Fireworks an issue in crowded Harris County

The lack of ability to regulate firework usage and sales in unincorporated Harris County poses several issues for county officials, including noise and safety problems in heavily populated residential areas.

"Unincorporated Harris County has 1.6 million people," County Judge Ed Emmett said. "In the rest of the state when you're talking about unincorporated parts of the county it's rural areas, but here you have a lot of people who get bothered by the noise."

For a 10-day period this summer, firework stands will open for business in Cy-Fair and other parts of unincorporated Harris County, where it is legal to shoot off fireworks during the Fourth of July and New Year's.

While many other municipalities, such as the city of Houston and smaller cities like Tomball and Jersey Village, do not allow firework usage, county governments can only do what the Texas constitution or legislature allows.

"Counties are an arm of the state, and as a result, we don't have the authority to ban fireworks in the general sense like cities do," Emmett said.

Fireworks legislation

During the 83rd legislative session this spring, state Rep. Patricia Harless, R-Spring, authored House Bill 107, which would have given counties with more than 3.3 million residents the ability to regulate or prohibit firework usage and sales to promote public health, safety and welfare. She has carried the same legislation for four sessions, but has not received the support needed from other lawmakers to pass the bill.

"The fireworks stands and operators are small business people and a lot of time are operated by churches and schools that use [the revenue] as fundraisers," Harless said. "When you talk about regulating fireworks, in essence you're talking about putting out a small business and someone's livelihood."

Due to the population restriction in the bill, the piece of legislation would only affect Harris County, which has a unique situation compared to the rest of the state, Harless said.

"Our houses are right next door to each other, and there's very little undeveloped land," she said.

During this year's legislative session, Harless needed five votes to move the bill out of committee, but only received four due to lack of support and worry that if the law passed, it could affect other counties in the future.

"They say it's a slippery slope, and the next thing you know they'll regulate fireworks across the state and put small business people out of business," Harless said.

According to the bill's fiscal note, there would be a marginal reduction in state and local tax revenue if county commissioners decided to regulate the sale of fireworks. If the bill had passed, anyone who violated the regulation could be fined up to $100.

Although Harless' bill did not pass through the House, Emmett said he wishes the county could be given more control and hopes Harless continues to work on the legislation.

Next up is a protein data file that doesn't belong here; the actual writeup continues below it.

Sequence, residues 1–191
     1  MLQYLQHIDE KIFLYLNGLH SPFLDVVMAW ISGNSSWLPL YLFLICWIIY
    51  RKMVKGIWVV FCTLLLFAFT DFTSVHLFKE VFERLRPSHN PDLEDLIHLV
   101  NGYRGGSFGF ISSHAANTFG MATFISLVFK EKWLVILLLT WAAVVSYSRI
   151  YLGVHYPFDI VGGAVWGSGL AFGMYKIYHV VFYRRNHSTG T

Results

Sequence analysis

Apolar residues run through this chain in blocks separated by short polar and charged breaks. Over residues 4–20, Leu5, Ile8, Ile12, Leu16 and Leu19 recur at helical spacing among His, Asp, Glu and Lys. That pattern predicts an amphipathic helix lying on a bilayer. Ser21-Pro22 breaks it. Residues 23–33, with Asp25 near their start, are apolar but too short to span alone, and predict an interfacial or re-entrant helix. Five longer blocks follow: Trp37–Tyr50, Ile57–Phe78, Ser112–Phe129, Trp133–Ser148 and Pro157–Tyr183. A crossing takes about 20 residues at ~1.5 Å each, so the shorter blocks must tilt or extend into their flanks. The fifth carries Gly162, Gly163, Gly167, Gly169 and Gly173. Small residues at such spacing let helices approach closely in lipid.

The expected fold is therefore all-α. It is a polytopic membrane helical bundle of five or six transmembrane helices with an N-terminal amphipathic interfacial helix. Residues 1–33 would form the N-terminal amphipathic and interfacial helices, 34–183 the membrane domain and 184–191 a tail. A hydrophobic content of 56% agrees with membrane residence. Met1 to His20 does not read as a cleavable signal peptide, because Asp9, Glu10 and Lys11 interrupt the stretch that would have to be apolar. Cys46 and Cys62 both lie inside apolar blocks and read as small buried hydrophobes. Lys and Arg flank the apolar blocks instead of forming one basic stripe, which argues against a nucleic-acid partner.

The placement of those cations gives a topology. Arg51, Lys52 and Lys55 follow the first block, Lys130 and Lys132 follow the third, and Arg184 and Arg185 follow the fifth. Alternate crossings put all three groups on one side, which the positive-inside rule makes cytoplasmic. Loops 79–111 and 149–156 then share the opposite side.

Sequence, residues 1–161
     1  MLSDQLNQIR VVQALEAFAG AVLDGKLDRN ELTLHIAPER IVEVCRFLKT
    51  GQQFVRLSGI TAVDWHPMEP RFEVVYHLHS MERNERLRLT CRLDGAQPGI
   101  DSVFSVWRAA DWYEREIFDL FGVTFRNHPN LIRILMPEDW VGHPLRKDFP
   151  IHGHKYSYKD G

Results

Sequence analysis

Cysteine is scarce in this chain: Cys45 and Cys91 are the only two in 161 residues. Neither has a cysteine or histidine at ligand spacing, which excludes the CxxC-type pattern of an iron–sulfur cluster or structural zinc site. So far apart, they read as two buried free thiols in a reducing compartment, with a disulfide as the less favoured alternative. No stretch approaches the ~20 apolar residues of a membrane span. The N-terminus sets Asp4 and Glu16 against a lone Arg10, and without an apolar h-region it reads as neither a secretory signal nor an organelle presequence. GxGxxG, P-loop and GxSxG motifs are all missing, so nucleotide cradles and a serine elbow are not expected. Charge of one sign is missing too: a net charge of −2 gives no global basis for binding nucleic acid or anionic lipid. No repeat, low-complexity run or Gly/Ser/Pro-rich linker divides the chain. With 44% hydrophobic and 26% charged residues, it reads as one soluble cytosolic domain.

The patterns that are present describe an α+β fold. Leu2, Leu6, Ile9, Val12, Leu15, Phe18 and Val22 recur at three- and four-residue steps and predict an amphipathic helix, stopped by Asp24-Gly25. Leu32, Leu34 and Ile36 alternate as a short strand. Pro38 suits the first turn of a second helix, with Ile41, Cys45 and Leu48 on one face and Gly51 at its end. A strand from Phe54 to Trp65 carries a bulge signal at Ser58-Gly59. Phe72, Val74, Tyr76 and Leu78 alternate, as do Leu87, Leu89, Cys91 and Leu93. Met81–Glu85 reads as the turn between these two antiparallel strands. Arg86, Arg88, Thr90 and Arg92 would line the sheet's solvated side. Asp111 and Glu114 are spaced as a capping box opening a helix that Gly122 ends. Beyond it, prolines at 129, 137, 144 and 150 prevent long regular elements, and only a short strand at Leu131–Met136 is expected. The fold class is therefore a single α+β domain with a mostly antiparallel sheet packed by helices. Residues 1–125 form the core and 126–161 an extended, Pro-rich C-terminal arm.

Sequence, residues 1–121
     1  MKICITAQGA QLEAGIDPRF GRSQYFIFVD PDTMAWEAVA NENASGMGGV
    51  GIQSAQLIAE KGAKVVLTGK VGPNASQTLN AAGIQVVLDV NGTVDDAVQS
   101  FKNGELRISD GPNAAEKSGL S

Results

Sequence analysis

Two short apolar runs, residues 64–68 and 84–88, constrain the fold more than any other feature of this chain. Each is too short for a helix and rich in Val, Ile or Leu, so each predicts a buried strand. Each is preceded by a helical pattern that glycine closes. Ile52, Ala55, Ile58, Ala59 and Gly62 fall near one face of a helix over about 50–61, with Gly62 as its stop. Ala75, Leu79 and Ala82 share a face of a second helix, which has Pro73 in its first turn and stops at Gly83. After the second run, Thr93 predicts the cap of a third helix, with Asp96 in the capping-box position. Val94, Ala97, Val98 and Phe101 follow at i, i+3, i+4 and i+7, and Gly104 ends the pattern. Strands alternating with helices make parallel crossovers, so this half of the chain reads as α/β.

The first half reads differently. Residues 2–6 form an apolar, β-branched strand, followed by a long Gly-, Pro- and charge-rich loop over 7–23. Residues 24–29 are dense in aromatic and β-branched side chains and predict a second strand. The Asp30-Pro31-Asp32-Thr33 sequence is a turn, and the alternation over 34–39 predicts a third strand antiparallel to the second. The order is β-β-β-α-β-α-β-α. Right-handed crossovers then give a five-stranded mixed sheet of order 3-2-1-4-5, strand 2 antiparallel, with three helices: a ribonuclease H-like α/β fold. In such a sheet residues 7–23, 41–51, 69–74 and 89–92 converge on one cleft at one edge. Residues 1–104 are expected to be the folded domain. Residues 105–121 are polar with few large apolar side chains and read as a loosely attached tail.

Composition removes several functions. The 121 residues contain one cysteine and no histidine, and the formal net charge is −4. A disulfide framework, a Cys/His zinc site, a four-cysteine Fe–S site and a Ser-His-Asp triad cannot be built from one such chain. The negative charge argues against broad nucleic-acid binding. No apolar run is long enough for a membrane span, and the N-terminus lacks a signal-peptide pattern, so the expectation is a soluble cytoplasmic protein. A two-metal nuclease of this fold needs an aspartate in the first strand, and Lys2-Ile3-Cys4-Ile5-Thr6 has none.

"Her district is the classic example—since it's unincorporated and one subdivision after another, fireworks can be a dangerous thing to have," Emmett said.

Noise and safety

County commissioners do have the authority to get involved with firework regulations during times of drought.

"Then we can ban missiles with rockets or sticks and bottle rockets," Emmett said. "If the fire marshal tells us our drought index is high enough to do it there's a vote we have to take, but as long as I've been here, anytime there's been an opportunity we've banned aerial fireworks."

During the past two years, commissioners court has used the Keetch-Byram Drought Index to regulate firework usage. In July 2011, commissioners restricted all firework usage when the KBDI reached nearly the top of the 800-point scale. Most recently in December 2012, commissioners restricted aerial fireworks when the index reached 575.

Regardless of the bans, the Cy-Fair Volunteer Fire Department responded to nearly 20 fires caused by fireworks in 2011, according to data from Harless' office, and other fire departments responded to more than 40 others in Harris County.

"With the fins and rockets, there is no control over where they land," Harless said. "They go into other peoples' yards and pools, and it doesn't stop at 10 p.m.—it goes on until 2 or 3 a.m."

In addition to the fire concerns, the Harris County Fire Marshal's Office typically hears reports about trash being left out in the streets after the night of the Fourth of July, said Lt. Todd Mitchell.

"All we can do is try and get the word out about safety concerns and picking up trash once you've completed shooting fireworks," he said. "We're in the middle between the industry and the consumer, and we try to work between both of them."

In Cy-Fair, there are numerous firework stands across the area, but one of the largest companies is Top Dog Fireworks, with two stores in Cy-Fair.

"There's a number of rules people need to follow [when shooting off fireworks], but mostly it's about being careful and using common sense," said Sue Davis, spokesperson for Top Dog.

The company offers shooter boxes to customers, in which fireworks can be placed so that if it falls over, the fireworks will stay in the box and contain the debris.

"We always recommend people pick up the debris," Davis said. "Even though we've had rain, parts of the area are dry, so don't shoot onto roofs or wooded areas."

By Marie Leonard
Marie came to Community Impact Newspaper in June 2011 after starting her career at a daily newspaper in East Texas. She worked as a reporter and editor for the Cy-Fair edition for nearly 5 years covering Harris County, Cy-Fair ISD, and local development and transportation news. She then moved to The Woodlands edition and covered local politics and development news in the master-planned community before being promoted to managing editor for the South Houston editions in July 2017.